Greenhouse gas emissions in the United States dropped by 3.4% in 2012, federal environmental regulators reported Tuesday.
The decline over the previous year was driven mostly by power plant operators switching from coal to natural gas, improvements in fuel efficiency for transportation and a warmer winter that cut demand for heating, according to an inventory released by the U.S. Environmental Protection Agency.
The analysis shows the nation released the equivalent of 6,526 million metric tons of carbon dioxide in 2012, the lowest level since 1994.
The annual inventory tracks emissions of planet-warming gases across all sectors, including electricity generation, transportation, industry and agriculture. It also calculates the amount of carbon dioxide removed from the atmosphere by natural "sinks" such as trees and soil.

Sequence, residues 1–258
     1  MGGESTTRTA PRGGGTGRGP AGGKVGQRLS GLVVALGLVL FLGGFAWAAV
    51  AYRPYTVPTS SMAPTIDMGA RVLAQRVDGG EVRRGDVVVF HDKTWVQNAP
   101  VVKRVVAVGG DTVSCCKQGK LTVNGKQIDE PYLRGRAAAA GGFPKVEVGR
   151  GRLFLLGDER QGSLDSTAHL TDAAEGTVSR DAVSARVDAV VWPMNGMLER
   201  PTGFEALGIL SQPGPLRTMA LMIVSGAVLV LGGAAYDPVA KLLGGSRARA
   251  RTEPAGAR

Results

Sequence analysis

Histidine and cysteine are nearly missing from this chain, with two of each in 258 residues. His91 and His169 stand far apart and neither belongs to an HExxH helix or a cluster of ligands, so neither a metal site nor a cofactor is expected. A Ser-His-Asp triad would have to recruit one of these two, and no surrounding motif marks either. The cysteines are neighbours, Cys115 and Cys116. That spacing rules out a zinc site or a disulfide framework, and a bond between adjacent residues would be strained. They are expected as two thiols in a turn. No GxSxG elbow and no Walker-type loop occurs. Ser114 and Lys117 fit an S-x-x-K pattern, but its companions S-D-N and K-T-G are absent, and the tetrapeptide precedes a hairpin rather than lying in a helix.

About 82% of the nation's greenhouse emissions in 2012 were carbon dioxide, the main pollutant causing climate change. The inventory also accounts for other heat-trapping gases, such as methane and nitrous oxide.
Total greenhouse gas emissions in the U.S. were on the rise until about 2007, when they started to trend downward, the report shows.
The EPA inventory is a national overview of greenhouse gas emissions going back to 1990. The data is reported to the United Nations Framework Convention on Climate Change.
A January report by the U.S. Department of Energy found that carbon dioxide emissions in the nation's energy sector rose about 2% in 2013 after years of decline. The report attributed the uptick to power plants bucking the trend toward natural gas and burning more coal to generate electricity last year.